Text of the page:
I recently read an article an issue of Accounting Today by Adam Blitz, CPA, a tax and consulting manager at Wiebe Hinton Hambalek, LLP, in CA. It was entitled “Five Things CPAs Can Learn from PGA Golfers.” It brought back memories of when I was asked to become a DMJ partner. I remember saying, “Well, I guess I will actually have to learn how to play golf now.” Ten years later, I still don’t play golf. My late husband was an avid golfer and because he putted every night on the rug and spent hours hitting balls over the house and in the yard, I always felt as though I knew a little about the game.
The article enumerated the following five things. I have paraphrased the author’s comments and have added some of my own analogies and comparisons.
- It takes practice.
- It takes patience.
- It takes confidence.
- It takes mental toughness.
- It takes creativity.
Practice means being “focused, intense, and mentally engaged;” not just hitting balls on the range or handling routine tax and accounting engagements. It is analyzing swing mechanics; developing positive habits, such as finding the perfect stance (the little dance that is done just before the swing has always made me chuckle); and the perfect hand position on the club. CPAs should be consistently practicing to enhance their abilities and overall potential. CPAs need to practice analytical and account relationship skills.
Patience is not throwing clubs or letting a string of expletives fly when the ball slices into the rough. Golfers usually have good days and bad days and so do CPAs. “CPAs normally are not ready to take on the biggest and most complex clients on the first day out of college,” says Blitz. It takes time to find your pace and then go after what you want.
Martin Kaymer didn’t start the 2014 U.S. Open with consecutive rounds of 65 (-5) to set a U.S. Open record for 36 holes just because he was hitting the ball well those two rounds. He hit the ball well and had the confidence to hit the difficult shots. He knew he was capable and he didn’t let anyone get in his way of doing it. “As a CPA, believe in yourself, because if you don’t, who will?” The article reminds us to find your strengths and recognize your weaknesses and seek help to cover those areas.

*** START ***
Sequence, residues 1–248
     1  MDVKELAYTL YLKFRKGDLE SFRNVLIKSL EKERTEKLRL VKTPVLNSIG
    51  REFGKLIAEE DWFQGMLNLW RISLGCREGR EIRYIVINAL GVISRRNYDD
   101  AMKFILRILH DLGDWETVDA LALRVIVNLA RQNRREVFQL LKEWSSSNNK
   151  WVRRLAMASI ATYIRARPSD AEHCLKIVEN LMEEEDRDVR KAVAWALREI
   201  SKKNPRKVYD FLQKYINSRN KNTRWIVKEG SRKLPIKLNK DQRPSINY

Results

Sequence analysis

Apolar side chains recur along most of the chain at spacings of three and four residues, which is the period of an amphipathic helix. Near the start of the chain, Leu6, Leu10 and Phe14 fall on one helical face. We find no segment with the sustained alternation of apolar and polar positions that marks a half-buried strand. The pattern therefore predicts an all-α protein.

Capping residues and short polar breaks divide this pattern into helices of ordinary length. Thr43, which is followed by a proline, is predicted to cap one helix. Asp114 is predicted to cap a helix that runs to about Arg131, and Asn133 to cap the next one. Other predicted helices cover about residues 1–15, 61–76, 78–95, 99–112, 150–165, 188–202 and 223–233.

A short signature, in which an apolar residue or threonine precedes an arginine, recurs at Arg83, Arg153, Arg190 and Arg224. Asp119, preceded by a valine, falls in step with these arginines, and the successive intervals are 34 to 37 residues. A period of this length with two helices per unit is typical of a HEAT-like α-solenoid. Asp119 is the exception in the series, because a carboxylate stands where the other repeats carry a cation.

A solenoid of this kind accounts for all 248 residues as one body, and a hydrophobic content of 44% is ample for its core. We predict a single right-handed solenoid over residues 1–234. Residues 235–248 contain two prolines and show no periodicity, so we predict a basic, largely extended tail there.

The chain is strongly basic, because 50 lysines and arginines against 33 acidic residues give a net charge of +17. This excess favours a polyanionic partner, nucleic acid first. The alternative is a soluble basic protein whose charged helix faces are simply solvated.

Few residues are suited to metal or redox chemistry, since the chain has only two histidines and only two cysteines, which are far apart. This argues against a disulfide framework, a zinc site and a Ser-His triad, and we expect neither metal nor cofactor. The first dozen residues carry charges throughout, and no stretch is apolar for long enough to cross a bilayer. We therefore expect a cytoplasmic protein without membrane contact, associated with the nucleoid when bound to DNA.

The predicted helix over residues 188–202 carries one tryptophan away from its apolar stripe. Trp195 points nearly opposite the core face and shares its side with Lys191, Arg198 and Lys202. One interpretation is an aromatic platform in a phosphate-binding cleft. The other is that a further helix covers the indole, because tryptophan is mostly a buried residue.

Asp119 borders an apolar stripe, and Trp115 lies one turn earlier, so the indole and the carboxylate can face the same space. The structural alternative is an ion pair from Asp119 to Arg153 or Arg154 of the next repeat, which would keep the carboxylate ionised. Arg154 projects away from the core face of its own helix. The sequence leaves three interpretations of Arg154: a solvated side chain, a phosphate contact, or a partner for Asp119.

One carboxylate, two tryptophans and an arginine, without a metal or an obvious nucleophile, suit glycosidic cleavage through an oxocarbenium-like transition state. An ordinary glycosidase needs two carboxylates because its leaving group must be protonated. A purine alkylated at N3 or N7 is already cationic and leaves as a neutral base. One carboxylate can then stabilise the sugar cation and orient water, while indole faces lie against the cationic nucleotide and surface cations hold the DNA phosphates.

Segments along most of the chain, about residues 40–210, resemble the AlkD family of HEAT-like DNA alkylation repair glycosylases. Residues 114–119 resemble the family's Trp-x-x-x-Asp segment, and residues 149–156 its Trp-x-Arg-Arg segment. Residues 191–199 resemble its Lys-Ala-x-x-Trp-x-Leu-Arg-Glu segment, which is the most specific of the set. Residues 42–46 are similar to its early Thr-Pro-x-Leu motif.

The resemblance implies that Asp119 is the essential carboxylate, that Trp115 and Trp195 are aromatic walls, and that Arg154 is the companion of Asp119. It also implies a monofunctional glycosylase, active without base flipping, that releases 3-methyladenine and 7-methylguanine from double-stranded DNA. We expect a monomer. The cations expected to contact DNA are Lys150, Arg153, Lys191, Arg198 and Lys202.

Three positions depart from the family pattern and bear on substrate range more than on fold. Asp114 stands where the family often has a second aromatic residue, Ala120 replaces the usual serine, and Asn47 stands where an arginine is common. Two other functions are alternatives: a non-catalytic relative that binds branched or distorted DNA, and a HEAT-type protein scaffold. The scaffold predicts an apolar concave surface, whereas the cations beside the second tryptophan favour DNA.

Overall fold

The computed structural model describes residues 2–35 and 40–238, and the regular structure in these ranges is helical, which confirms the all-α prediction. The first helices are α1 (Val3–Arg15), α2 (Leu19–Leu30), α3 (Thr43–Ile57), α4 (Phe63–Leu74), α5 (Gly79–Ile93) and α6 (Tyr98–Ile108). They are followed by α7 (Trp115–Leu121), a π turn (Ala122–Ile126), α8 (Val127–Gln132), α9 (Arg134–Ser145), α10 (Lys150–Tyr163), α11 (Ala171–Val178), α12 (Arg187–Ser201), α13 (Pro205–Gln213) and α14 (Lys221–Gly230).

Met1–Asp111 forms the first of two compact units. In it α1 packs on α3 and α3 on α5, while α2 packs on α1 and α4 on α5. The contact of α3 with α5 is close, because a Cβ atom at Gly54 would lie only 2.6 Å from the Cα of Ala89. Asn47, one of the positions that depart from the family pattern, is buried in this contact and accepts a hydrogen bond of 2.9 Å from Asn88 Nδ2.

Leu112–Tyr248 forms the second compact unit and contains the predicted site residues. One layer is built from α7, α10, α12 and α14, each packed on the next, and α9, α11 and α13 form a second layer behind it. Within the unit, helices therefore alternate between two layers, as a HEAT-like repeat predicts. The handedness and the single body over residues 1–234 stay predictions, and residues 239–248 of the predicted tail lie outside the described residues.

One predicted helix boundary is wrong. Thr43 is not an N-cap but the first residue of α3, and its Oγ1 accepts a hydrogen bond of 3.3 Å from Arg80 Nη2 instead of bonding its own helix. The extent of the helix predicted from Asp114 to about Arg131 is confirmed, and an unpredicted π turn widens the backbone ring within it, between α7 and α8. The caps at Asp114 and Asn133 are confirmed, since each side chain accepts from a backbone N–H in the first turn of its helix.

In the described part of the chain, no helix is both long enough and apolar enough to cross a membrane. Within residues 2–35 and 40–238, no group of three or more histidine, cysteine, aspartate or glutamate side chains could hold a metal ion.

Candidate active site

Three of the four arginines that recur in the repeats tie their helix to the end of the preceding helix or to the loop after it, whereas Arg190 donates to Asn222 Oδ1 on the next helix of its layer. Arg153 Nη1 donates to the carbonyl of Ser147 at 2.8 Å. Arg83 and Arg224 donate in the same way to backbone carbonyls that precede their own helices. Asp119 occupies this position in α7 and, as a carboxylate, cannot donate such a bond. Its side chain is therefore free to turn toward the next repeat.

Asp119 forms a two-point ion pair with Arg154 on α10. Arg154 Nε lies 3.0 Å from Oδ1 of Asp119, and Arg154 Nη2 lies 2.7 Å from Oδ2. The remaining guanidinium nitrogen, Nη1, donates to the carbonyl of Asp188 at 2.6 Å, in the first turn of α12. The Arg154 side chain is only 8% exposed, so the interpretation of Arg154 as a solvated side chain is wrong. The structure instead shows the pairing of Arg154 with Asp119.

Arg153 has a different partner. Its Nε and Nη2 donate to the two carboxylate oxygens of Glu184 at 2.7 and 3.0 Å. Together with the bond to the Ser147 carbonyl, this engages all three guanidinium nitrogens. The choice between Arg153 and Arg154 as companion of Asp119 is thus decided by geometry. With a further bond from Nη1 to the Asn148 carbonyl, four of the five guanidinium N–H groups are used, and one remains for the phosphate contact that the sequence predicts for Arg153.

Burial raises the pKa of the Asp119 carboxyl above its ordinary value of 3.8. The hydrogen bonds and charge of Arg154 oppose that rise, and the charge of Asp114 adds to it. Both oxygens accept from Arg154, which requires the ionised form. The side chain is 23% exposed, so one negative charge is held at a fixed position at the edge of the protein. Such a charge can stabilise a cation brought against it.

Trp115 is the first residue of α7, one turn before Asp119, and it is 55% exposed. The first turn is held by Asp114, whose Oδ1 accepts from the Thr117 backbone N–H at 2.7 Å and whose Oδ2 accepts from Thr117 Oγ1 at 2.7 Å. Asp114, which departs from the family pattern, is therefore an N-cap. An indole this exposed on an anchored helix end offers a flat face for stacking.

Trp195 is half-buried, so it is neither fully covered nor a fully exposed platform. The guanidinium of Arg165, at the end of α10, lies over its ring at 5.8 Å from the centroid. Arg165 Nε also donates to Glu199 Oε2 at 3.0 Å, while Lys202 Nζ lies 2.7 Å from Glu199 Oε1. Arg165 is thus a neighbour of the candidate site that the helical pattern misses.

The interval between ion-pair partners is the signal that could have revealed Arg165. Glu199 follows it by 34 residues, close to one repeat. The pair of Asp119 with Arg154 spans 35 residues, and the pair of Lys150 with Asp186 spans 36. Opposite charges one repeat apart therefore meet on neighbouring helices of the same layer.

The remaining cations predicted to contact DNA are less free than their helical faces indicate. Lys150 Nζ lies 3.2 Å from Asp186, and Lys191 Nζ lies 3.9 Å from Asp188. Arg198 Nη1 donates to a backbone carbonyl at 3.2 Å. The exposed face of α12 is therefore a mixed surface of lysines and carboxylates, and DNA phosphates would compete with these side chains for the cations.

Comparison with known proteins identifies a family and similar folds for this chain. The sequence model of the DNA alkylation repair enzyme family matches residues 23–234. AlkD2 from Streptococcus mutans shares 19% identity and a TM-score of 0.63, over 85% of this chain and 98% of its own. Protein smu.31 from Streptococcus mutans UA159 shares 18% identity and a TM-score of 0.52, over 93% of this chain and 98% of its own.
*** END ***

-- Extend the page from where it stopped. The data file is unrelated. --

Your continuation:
Golfers often cave under pressure. Not every golfer has Tiger Woods’ mental toughness. It is important for a CPA to be strong on a daily basis to be ready when your clients, co-workers, and family need you. We have to learn to handle stress and balance our work and family lives. Enhance your mental toughness by testing your limits in something outside of the accounting field that broadens your horizons. Each of us has to figure out what suits us.
“Golfers oftentimes face situations that require creativity in order to be resolved;” i.e., wearing a tennis ball around your neck as a practice aid is an example working for Kaymer. You have heard many times “SALY” is the easy solution to a problem and sometimes you don’t get the right answer by taking the “same as last year” approach. Look at each reoccurring situation carefully to be sure the facts are still the same or that a different approach might be more efficient due to technology changes.
The author’s premise is correct – The best CPAs, like golfers, are those that possess a natural ability. Those natural abilities and instincts – combined with practice, patience, confidence, mental toughness, and creativity – make for a successful career.
“The next time you are on the golf course, remember all the opportunities you have to learn on the course and bring those ideas back to the office,” says Blitz. Myself, I’ll continue to “think” I know something about the game and continue to look for another avenue to broaden my horizons.
Donna B. Johnson, CPA is a DMJ partner in the Sanford, North Carolina office located just thirty miles from Pinehurst, North Carolina, home of the U.S. Open Championship.